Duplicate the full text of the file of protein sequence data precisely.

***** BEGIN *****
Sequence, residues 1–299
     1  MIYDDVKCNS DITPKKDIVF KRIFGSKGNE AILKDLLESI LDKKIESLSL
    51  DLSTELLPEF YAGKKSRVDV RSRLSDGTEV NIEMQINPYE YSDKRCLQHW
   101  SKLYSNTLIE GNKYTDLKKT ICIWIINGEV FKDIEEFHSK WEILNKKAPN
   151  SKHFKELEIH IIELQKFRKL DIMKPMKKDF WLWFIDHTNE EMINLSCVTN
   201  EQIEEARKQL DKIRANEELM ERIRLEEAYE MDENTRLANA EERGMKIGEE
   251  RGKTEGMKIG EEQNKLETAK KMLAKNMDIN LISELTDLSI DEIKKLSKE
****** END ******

Sequence, residues 1–299
     1  MIYDDVKCNS DITPKKDIVF KRIFGSKGNE AILKDLLESI LDKKIESLSL
    51  DLSTELLPEF YAGKKSRVDV RSRLSDGTEV NIEMQINPYE YSDKRCLQHW
   101  SKLYSNTLIE GNKYTDLKKT ICIWIINGEV FKDIEEFHSK WEILNKKAPN
   151  SKHFKELEIH IIELQKFRKL DIMKPMKKDF WLWFIDHTNE EMINLSCVTN
   201  EQIEEARKQL DKIRANEELM ERIRLEEAYE MDENTRLANA EERGMKIGEE
   251  RGKTEGMKIG EEQNKLETAK KMLAKNMDIN LISELTDLSI DEIKKLSKE